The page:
photo by Andria Lo
A delicate dance between spectator and athlete, a mediation on the properties of the pendulum, and unabashed grin-making installation art piece, Competitive Swinging by Paolo Salvagione, is now up at the Headlands Center for the Arts Gymnasium in Sausalito, CA.
Paolo Salvagione is the principal clock prototype engineer for The Long Now Foundation‘s Clock Of The Long Now, and was also an artist-in-residence at The Headlands Center last year. This year, when he was asked to create a piece for the old gym, he jumped at the chance:
“I had no idea what I would do, I just knew I loved the space. The piece reveled itself slowly. All the ingredients were there in my mind, dreams, childhood playground memories, pendulums. The challenge of a space that big is how to activate it, it was built in 1907. I spent the evening there with bottle of wine and watched the space as the sun set. I noticed period hardware on the ceiling that once held climbing ropes, a common military exercise. From that observation the piece came together. The old basketball court ask for 5 people a side and the building has 5 window on each side. The nature of athletics asked for competition, my sense of humor loved the idea of competitive swinging.
The next challenge was finding the right swings. In 1992 the rules, concerning playground equipment, were changed. The base of a swing had to be light enough not to break skin if a child was hit in the head with it. Hence the super light plastic swings in contemporary playgrounds. I was determined to reference the swings of my youth and decided to recreate the classic wooden swing with a rope instead of a chain. It was also my intent to make the swings perfectly quiet. I wanted to swing in the space in complete silence. There were a few moments where I thought my efforts to get to this swing-of-the-past seemed absurd but when the installation was complete I knew I had made the right decisions. An installation like this only comes to life when populated, with people, with smiles.”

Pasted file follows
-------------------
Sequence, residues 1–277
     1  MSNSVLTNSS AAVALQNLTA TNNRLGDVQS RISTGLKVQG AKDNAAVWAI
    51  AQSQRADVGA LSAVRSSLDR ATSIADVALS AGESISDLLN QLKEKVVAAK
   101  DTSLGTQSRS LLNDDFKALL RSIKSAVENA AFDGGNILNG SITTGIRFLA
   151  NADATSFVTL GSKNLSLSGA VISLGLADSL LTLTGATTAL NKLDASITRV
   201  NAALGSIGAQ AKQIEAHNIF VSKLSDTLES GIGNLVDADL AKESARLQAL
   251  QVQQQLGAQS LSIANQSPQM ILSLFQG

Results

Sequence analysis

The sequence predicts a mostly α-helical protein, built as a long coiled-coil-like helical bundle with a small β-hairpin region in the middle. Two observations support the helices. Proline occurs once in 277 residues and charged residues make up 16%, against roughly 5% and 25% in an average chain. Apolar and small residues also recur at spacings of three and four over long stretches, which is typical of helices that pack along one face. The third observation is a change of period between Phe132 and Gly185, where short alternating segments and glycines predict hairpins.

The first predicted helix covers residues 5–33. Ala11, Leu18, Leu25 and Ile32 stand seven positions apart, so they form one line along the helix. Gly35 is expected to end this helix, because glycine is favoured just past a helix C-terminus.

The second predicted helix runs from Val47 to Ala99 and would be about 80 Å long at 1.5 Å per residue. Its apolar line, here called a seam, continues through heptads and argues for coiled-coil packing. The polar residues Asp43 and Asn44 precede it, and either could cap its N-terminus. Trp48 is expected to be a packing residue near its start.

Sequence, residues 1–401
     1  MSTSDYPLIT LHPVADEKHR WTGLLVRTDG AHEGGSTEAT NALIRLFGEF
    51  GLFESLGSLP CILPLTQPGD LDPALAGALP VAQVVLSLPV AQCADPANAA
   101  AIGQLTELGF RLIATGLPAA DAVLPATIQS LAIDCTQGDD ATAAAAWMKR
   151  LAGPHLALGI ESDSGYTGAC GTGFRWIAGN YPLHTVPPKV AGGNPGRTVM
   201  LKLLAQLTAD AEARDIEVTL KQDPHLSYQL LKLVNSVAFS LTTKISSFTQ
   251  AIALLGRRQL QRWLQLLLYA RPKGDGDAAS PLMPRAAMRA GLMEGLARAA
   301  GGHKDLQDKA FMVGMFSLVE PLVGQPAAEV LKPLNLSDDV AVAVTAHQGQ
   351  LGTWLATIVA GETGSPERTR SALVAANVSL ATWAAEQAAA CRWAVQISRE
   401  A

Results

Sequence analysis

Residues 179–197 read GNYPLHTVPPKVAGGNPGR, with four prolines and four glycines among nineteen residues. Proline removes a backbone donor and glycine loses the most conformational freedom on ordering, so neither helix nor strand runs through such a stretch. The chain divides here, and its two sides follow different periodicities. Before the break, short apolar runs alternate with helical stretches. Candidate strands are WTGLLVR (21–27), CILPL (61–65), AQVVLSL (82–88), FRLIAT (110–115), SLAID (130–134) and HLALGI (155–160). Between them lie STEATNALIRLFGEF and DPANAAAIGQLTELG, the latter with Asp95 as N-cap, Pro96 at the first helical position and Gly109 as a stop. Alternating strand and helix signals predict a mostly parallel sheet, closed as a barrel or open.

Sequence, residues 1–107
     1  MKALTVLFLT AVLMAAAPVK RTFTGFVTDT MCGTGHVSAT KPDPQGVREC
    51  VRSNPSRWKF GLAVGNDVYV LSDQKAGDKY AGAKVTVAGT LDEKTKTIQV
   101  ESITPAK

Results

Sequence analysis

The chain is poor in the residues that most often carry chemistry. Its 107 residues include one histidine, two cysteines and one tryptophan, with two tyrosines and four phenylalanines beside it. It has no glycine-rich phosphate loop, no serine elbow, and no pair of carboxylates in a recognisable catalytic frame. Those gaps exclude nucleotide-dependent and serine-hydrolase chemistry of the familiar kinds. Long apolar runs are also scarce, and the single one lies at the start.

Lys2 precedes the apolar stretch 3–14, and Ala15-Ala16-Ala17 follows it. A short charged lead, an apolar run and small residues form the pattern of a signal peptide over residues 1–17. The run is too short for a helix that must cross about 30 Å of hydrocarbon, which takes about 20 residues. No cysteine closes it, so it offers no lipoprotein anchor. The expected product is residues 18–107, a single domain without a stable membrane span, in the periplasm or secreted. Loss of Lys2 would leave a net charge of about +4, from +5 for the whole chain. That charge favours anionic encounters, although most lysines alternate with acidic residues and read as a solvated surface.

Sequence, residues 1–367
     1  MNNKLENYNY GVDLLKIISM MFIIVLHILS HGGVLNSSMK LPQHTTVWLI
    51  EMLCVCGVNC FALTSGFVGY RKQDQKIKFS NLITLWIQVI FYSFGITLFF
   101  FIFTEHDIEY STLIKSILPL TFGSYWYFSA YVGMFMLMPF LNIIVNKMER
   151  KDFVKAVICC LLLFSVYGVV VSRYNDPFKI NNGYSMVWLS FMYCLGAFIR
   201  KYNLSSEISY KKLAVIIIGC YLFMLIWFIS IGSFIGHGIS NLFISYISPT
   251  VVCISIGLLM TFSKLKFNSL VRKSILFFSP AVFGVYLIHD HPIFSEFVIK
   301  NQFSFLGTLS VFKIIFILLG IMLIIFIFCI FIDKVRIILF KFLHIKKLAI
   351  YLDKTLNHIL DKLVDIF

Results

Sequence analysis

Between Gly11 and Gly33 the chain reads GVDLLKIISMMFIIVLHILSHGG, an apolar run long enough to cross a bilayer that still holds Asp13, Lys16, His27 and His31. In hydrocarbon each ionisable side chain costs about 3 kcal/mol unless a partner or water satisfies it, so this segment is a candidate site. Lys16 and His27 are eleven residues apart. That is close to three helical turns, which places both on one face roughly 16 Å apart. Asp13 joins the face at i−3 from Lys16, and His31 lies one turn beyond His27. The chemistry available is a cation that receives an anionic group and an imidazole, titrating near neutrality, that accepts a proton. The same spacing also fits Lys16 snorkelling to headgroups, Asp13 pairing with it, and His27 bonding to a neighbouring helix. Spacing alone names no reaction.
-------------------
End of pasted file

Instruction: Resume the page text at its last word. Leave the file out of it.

With his work on the Long Now 10k Clock, and also as a former racing bicycle designer, Paolo rides the line between engineering and art. When asked if he is an artist moonlighting as an engineer, or an engineer in artist clothing, he responds:
“The engineering I do with the Long Now Foundation is monument scale art. My discipline informs my art, my art informs my discipline. The two are so tightly wound in my mind that I have a hard time thinking of one without the other. I feel compelled to show people the dimension that they live in but have forgotten about.”
In the meantime, call ahead to the Headlands Center to see the piece yourself.